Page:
5.7. Session Key Security

As we see earlier, no adversary could engage in the mutual authentication process until it gains access to secure credentials of the system either held by the registration authority or registered entities. Since, the SMEP-IoV provides mutual authentication to all participants, the established session key is only known to the legitimate members involved in the protocol execution.

5.8. Denial of Service

Our scheme is resistant to denial of service attacks, since it engages fresh timestamps for the generation of and . Due to these timestamps, the receiving entity may check the freshness of the incoming message and discard the message immediately if the latency is beyond a certain preset threshold.

5.9. Replay Attack

In case an adversary attempts to initiate a replay attack towards any entity , , or , the SMEP-IoV may foil this attempt immediately after checking the freshness of timestamps , /, and , respectively. Hence our scheme is immune to this threat.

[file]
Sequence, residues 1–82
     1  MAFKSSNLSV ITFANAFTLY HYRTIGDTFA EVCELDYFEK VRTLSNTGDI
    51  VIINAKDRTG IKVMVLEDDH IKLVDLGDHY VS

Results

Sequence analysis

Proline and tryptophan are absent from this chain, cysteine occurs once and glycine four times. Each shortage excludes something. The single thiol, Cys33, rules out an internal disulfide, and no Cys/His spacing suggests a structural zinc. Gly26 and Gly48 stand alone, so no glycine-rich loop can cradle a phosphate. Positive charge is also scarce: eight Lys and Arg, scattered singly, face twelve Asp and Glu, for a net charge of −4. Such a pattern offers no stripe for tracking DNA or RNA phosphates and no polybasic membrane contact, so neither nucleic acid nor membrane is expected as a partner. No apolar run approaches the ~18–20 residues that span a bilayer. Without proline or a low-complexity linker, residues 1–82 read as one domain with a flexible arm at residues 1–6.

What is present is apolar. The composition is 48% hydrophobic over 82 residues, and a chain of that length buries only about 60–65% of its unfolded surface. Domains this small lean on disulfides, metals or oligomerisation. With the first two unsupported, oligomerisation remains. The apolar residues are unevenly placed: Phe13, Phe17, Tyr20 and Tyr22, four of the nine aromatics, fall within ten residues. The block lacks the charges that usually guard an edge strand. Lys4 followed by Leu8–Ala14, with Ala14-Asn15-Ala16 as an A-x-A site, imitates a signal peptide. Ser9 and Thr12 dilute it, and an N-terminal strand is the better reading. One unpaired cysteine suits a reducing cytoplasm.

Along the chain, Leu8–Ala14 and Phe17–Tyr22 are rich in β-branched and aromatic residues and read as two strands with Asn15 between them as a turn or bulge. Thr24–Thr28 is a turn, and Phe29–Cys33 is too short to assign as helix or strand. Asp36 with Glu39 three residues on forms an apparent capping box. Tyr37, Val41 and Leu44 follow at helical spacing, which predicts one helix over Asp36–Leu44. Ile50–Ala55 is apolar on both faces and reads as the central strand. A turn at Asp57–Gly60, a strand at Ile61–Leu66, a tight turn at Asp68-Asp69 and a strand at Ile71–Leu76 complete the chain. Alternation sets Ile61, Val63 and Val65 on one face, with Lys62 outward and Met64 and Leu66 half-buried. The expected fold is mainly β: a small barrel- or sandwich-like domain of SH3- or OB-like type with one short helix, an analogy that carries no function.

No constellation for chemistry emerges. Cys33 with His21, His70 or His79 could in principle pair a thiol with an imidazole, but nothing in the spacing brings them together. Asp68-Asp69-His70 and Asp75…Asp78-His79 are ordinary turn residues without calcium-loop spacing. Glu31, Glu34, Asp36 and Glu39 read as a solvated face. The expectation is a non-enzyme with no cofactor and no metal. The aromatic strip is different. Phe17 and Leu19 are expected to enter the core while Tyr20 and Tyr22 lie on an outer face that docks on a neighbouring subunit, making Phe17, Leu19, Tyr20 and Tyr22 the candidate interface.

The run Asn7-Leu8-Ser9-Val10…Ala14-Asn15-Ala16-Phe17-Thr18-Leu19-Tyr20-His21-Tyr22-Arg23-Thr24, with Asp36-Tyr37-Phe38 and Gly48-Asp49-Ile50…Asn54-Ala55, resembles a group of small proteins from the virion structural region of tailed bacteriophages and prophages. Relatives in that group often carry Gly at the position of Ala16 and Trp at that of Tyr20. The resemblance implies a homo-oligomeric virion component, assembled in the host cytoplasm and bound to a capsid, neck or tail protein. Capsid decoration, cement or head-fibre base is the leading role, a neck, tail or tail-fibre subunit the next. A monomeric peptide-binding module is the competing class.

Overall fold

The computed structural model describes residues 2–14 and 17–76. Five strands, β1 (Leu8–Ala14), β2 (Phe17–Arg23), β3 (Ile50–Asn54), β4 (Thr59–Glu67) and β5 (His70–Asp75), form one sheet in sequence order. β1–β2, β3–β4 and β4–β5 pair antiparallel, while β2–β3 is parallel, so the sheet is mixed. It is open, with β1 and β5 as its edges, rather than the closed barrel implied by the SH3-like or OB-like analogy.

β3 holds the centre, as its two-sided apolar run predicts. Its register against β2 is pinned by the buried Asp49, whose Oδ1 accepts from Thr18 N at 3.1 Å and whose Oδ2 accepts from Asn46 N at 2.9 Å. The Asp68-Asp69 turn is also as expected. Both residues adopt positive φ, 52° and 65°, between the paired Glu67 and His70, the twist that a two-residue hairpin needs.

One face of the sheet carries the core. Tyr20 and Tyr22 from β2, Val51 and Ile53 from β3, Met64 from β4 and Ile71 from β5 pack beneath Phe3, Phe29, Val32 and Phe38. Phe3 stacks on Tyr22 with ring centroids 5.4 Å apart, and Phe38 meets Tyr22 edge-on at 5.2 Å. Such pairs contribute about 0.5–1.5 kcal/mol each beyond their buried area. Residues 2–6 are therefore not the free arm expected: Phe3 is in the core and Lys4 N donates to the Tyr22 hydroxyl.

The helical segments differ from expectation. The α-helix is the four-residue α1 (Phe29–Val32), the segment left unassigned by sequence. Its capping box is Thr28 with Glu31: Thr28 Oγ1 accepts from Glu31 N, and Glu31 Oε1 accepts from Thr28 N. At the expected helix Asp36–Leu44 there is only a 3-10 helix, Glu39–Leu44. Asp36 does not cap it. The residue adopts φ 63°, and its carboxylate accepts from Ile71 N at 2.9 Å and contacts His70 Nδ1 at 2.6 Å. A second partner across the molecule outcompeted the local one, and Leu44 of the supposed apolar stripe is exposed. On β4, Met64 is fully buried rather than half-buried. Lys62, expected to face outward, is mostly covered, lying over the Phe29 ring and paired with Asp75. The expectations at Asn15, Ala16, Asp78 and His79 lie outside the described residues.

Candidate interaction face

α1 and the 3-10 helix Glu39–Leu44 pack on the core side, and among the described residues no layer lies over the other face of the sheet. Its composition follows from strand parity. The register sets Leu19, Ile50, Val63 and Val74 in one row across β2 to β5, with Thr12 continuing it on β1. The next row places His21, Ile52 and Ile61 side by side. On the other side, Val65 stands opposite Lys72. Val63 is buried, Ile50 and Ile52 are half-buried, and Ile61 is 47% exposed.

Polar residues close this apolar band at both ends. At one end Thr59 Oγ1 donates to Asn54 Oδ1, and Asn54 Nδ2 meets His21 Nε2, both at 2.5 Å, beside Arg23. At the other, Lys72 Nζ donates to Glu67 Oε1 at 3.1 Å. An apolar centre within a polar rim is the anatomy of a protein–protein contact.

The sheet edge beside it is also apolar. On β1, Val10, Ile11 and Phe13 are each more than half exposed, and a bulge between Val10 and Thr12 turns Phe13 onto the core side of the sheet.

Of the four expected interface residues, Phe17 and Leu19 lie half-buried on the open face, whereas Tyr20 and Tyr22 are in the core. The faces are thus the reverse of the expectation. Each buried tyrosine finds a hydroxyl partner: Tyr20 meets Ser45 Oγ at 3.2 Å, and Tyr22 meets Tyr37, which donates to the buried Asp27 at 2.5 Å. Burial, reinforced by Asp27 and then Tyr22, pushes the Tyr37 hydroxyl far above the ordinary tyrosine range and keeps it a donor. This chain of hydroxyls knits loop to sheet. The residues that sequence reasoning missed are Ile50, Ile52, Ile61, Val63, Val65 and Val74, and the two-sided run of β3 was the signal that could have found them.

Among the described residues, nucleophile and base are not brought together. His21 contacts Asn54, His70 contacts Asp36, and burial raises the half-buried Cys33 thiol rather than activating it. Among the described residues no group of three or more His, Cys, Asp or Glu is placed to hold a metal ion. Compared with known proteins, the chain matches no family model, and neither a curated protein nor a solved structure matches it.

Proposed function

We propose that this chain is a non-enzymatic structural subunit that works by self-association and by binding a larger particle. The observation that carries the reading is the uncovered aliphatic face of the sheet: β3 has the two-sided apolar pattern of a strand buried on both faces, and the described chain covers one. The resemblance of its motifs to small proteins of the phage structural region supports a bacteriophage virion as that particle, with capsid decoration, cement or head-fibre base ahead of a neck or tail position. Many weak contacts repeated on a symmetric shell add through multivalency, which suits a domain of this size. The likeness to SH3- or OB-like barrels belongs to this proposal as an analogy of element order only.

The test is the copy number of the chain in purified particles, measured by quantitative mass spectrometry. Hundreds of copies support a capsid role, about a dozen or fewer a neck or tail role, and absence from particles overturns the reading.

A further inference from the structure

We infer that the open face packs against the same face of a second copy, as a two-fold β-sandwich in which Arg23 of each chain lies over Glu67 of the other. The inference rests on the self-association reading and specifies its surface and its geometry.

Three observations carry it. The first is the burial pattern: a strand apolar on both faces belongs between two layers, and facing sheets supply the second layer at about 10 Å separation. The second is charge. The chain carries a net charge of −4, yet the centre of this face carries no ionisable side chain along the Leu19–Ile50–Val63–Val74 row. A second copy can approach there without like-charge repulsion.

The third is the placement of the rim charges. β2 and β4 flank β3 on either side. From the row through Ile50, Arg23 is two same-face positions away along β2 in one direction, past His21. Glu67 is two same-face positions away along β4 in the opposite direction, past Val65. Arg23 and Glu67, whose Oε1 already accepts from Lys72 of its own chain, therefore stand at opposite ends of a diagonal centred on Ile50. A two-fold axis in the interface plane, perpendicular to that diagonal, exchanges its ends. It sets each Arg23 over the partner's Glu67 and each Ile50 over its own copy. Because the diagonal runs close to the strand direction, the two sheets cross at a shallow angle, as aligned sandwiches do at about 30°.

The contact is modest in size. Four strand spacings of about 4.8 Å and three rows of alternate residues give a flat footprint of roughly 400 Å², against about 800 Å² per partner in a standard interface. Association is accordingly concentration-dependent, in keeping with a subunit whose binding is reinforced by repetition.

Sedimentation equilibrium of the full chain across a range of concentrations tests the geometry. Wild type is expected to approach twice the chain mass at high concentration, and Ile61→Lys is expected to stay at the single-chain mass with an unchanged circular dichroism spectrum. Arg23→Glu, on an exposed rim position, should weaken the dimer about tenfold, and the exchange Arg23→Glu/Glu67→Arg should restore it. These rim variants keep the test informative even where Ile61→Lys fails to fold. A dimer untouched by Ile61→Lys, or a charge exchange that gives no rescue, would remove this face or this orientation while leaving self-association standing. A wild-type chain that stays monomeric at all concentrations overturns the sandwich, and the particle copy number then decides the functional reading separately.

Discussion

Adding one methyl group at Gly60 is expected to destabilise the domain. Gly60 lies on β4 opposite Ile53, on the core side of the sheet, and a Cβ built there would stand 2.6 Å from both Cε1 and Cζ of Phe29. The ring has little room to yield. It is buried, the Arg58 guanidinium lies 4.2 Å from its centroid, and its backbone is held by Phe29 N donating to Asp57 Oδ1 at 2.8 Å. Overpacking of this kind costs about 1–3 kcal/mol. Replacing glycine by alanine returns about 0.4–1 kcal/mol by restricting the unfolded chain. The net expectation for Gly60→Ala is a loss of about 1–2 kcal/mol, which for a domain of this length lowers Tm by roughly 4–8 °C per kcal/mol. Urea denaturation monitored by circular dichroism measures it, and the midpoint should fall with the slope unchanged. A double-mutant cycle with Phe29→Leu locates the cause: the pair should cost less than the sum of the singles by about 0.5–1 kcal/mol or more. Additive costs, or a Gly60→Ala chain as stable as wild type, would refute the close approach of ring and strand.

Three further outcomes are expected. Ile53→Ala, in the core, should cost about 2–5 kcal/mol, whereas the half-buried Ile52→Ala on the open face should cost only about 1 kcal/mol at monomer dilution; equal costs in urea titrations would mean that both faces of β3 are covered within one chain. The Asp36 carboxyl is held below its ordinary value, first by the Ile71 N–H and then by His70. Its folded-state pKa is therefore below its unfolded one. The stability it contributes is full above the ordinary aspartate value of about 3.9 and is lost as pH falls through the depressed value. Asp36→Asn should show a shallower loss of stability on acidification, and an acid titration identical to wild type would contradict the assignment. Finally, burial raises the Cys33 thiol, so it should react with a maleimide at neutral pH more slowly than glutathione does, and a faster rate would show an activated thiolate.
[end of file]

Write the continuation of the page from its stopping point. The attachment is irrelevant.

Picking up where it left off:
6. Performance and Security Comparisons

The performance and security comparisons of the proposed scheme with related existing scheme [2224] are explained in the following subsections.

6.1. Performance Comparisons

For measuring the computation time and cost, Pi3 B+ is used with Cortex A53 (ARMv8) 64 bit SoC and with processing speed 1.4 GHz along with 1 GB LPDDR2 SDRAM RAM. The simulation results of basic operations executed over Pi3 are given in Table 2. For completion of authentication and a key agreement (AKA) among a vehicle and RSU through the intermediate agent -Vehicle Server, executes and operations. Likewise, performs operations while accomplishes and operations. Hence, total computational operations performed to complete a cycle of AKA are . Using the experiment with computational times represented in Table 2, the performance comparisons are briefed in Table 3. The proposed scheme completes single AKA cycle in . In contrast to the proposed scheme, the scheme of Yu et al. [23] completes single AKA cycle in , the scheme of Vasudev et al. [22] and Mohit et al. [24] complete the one cycle of AKA in and , respectively.